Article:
Here too, the prints are entrusted to the parents so they can give them back to the police if the kid ever goes missing.
posted by Mitheral at 8:32 PM on November 5, 2006


My favorite part is the Floyd-inspired campaign group Leave Them Kids Alone.
posted by blastrid at 8:43 PM on November 5, 2006


Why the hell do lunch lines need to go faster?
posted by Citizen Premier at 9:14 PM on November 5, 2006


Why the hell do lunch lines need to go faster?
Is that a serious question?
If so, here is the serious answer: because in big schools with rotating lunch periods, maybe 15 or 20 minutes is allowed for lunch. If it takes 15 or 20 minutes to get through the line...
posted by Cranberry at 9:56 PM on November 5, 2006


Because, Citizen Premier, the schedule may allow only half an hour for lunch, so they don't want it to take twenty minutes for kids to get through the line.

When I was partway through high school, we got a system that looks sort of like that Arizona school's. We had the option of paying in cash without entering a number, though, which must reassure some of you. Still, entering the code definitely sped up the line -- with cash, kids have to dig out crumpled bills, they drop change, if they're little they're never sure if they're counting correctly -- it takes forever.

This system is also handy for keeping track of what you're buying, although at my high school, records were never sent home automatically or anything. But once, after putting $20 in my account, I was surprised to find it had run out sooner than usual. I asked for a printout of my transactions, and that told me I'd bought lunch for a friend a couple of times. Oh yeah.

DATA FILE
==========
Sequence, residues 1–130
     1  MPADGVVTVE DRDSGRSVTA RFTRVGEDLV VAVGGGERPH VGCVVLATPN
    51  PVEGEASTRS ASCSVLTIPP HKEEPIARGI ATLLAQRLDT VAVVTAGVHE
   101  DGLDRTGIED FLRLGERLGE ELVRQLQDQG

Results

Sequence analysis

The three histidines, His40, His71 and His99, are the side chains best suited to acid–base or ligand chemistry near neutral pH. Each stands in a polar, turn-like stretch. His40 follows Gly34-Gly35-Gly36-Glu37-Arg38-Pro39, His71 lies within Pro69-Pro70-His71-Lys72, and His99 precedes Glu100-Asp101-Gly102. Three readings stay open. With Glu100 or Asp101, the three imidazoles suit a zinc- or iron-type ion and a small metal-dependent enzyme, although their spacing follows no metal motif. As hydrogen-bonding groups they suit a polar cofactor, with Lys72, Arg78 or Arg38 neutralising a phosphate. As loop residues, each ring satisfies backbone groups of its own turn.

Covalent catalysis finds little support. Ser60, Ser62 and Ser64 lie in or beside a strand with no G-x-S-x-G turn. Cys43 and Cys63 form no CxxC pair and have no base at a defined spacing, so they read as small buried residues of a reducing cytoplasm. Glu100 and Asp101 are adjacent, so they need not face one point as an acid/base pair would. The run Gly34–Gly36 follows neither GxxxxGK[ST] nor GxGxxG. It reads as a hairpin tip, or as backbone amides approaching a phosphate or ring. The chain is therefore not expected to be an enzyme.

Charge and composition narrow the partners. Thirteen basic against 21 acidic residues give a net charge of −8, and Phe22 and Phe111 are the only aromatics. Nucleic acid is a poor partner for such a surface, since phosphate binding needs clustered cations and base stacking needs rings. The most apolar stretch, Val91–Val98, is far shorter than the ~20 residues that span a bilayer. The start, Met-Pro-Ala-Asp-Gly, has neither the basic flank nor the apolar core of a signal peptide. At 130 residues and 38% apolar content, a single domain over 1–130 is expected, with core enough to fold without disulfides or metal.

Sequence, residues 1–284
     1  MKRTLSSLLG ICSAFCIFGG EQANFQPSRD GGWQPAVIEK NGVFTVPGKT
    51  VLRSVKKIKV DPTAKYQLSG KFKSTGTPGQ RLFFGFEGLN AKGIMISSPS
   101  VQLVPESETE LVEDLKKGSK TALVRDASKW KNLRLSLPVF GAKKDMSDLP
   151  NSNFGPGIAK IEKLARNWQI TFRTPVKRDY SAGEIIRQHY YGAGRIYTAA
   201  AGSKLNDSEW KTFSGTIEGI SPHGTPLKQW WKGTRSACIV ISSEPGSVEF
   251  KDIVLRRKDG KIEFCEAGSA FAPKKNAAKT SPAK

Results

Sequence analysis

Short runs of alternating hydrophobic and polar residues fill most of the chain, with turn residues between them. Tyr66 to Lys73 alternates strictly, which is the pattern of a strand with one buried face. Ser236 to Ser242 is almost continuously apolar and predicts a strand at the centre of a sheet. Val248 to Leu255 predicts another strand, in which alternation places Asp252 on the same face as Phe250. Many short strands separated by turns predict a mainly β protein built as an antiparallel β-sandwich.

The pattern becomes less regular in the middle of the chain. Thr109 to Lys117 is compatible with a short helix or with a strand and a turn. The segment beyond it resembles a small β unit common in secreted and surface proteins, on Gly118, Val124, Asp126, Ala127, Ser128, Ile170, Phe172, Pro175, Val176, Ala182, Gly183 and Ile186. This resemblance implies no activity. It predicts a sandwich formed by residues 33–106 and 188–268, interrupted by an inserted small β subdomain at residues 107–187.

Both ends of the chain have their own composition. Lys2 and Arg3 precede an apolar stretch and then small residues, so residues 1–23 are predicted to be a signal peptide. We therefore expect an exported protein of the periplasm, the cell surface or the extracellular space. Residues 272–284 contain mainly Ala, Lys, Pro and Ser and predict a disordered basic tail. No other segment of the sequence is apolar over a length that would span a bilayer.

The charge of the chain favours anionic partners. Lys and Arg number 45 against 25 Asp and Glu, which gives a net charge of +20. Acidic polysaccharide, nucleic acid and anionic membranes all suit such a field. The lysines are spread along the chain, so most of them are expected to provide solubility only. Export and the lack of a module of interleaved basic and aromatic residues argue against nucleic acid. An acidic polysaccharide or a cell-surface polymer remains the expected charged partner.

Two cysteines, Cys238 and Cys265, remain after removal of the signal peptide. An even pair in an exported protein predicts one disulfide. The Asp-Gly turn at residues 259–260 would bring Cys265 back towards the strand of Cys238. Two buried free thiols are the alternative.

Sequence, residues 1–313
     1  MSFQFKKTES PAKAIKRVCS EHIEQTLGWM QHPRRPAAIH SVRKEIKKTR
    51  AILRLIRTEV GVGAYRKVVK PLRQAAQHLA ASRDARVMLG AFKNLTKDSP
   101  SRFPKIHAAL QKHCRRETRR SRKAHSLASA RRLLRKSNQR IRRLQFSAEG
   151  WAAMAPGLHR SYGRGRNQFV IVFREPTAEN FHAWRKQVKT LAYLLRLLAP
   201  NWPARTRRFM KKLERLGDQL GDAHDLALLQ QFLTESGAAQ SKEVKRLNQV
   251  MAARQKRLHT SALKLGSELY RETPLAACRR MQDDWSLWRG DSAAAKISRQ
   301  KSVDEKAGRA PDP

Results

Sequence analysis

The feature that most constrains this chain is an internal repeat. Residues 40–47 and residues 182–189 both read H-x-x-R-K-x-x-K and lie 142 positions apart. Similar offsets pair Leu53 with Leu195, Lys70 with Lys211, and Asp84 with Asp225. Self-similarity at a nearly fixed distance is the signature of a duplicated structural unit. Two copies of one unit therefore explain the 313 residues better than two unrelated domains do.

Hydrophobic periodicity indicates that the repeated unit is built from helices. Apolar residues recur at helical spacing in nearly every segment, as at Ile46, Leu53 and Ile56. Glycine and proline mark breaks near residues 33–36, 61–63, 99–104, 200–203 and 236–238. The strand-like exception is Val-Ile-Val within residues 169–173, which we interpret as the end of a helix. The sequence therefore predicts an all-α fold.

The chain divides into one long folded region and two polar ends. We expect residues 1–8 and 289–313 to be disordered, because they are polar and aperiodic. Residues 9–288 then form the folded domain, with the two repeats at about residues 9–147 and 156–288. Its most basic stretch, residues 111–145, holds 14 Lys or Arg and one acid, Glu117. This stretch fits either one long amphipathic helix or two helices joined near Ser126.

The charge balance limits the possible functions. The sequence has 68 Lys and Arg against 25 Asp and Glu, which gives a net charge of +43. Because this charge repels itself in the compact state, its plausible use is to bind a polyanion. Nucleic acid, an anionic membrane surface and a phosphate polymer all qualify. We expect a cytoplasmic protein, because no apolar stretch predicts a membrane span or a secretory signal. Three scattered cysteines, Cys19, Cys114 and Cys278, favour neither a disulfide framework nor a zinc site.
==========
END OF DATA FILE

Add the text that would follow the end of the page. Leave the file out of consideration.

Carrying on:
Now I'm in college and we just swipe our ID cards to pay for lunch (or pay with cash, or a credit/debit card, or whatever). I don't see a big difference. I'm not really skeeved out by it, and I say that as a person who steers clear of EZ-Pass. How's it different from a debit card, or from Paypal?

is it any surprise which states are early adopters of this?

-Georgia
-California
-Florida
-New Jersey
-Arizona
-Connecticut

...I got nothin'.
posted by booksandlibretti at 10:00 PM on November 5, 2006


Why the hell do lunch lines need to go faster?
posted by Citizen Premier at 9:14 PM PST on November 5


How long did you get for lunch period when you were in school, CP? For me it was 20 minutes, though if you were buying your lunch it was a ten to fifteen minute ordeal through long lines. And that isn't taking in time it took to walk if you weren't fortunate enough to have a class close to the lunch area. Mind you, this was at a campus with some 2000 students all sharing the same lunch period, so maybe it's better in smaller schools. Of course, this was two years ago, and I imagine that my HS has only grown in population since then.

On the days that I did decide to buy lunch I would have been grateful for anything that would have sped up the process. Not that this would do anything of course.